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Gustave Falconnier in Garden and Forest
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The most novel of the various greenhouse exhibits are the two curious structures made of the Falconnier glass bricks. These bricks are essentially bottles without an opening, and blown in such shapes that they fit well into the designs of the builder. As a rule, the interior hollow is about large enough to hold a quart of liquid. The bricks are generally flattened, but the two broad sides are usually raised into a cone-like shape, in order to present various surfaces to the incident rays of the sun and to break the force of hail and shocks. The narrower sides are two or three inches wide and are trough-shaped to hold the cement or mortar with which the bricks are joined. The bricks are laid by a mason in much the same manner as ordinary bricks are laid, and the entire arch of the greenhouse-roof supports itself without posts, rafters or braces. The roof and sides are, therefore, a continuous sheet of glass. These bricks have been well tested in parts of Europe, and they are found to conserve heat one-half, to render the temperature of the houses uniform and to prevent all scalding of the plants. Considering the fact that no framework is required, a house can be built of this material about as cheaply as in the common fashion. Most greenhouse-men who have seen the two little exhibition-houses at Chicago will, no doubt, feel that they are too dark for the growing of Roses and the forcing of vegetables; but the exhibitors say that for such houses the bricks are made of clear bright glass, while these are made of bottle glass. It is the desire of the inventor to manufacture the bricks in this country. They recommend them for sky-lights, porch-roofs, photographers' studios, propagating-pits, and the like. These bricks are the invention of Mr. Falconnier, of Nyon, Switzerland. The prices quoted in France last year were twenty-four francs per 100, and about fifty are required for a square meter.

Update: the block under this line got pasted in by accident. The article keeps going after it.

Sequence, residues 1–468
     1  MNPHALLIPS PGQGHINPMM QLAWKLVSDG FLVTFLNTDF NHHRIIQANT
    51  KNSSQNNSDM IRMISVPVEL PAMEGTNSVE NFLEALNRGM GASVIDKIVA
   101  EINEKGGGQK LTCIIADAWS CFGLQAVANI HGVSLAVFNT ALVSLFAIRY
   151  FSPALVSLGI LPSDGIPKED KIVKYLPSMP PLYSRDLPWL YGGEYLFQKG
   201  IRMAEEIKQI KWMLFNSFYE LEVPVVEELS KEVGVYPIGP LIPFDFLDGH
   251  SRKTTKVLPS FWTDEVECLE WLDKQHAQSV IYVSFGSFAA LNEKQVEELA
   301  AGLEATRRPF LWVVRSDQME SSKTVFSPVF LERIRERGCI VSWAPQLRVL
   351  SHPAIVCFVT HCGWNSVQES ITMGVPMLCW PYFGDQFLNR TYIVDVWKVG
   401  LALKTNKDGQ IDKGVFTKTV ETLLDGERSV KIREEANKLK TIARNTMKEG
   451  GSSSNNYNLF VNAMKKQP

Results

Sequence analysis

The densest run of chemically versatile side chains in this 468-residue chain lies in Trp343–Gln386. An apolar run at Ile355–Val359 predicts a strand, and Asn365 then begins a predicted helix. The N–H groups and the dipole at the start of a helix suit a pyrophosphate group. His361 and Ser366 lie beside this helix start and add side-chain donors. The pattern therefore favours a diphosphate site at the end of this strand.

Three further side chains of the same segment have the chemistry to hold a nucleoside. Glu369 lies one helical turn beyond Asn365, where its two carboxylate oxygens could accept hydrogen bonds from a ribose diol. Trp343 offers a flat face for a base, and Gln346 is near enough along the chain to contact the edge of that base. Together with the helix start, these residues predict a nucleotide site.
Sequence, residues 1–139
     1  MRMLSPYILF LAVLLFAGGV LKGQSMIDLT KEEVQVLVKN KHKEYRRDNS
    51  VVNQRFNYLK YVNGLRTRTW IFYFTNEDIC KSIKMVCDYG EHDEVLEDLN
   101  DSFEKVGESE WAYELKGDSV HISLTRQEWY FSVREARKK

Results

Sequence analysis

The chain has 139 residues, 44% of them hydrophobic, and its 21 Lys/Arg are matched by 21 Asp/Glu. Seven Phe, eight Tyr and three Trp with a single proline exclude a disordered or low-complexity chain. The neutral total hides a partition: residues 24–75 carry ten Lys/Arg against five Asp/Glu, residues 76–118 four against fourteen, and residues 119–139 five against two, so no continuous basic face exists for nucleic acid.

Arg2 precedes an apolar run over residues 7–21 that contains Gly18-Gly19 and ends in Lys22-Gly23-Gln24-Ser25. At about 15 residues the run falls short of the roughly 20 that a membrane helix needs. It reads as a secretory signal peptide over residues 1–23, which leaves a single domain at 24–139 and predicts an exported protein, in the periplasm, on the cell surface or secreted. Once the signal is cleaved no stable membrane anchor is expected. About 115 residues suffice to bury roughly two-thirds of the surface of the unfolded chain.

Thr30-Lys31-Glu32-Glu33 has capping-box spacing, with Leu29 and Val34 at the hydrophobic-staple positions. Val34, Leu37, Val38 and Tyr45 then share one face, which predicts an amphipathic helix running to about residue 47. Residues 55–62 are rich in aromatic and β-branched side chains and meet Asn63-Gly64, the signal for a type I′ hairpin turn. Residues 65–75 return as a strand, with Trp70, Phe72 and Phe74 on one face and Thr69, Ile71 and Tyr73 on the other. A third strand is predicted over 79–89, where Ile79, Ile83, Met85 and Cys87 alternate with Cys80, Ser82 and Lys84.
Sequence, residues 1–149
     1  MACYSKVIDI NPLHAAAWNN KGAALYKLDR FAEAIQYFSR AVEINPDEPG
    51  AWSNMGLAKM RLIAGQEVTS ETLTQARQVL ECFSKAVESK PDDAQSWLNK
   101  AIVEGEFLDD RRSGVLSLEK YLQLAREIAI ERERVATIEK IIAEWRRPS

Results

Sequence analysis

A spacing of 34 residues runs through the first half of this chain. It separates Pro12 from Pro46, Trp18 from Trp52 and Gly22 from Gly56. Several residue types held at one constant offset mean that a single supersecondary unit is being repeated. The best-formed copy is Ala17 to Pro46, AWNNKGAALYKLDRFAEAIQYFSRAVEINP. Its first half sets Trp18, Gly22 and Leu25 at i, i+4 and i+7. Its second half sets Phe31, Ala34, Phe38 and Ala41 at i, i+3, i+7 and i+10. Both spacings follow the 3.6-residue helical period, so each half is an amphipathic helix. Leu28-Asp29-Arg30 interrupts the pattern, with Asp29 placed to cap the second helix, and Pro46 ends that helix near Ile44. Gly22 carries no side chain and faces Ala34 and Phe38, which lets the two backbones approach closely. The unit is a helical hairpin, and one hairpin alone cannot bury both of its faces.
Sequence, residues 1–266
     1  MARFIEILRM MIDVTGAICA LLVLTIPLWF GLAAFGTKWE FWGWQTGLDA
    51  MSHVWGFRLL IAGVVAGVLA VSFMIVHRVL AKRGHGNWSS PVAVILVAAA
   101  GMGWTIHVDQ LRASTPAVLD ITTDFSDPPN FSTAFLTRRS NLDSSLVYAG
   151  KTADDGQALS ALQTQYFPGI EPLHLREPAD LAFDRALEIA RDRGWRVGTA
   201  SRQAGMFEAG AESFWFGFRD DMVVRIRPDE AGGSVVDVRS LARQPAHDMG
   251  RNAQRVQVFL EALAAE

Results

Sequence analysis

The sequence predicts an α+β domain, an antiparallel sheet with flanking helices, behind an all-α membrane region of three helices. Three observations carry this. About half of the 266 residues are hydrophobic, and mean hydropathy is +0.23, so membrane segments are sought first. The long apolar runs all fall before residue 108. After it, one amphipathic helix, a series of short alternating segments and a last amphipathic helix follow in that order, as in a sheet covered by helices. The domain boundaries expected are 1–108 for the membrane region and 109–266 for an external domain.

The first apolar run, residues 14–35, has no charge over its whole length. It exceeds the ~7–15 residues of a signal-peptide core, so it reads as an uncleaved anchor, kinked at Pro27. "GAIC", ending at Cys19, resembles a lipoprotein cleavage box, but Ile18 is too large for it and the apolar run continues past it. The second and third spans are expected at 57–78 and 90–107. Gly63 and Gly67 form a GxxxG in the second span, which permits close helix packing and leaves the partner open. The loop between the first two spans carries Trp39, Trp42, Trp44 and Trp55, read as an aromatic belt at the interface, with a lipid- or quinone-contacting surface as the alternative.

Garden and Forest, Volume 6, Issue 296, page 449, October 25, 1893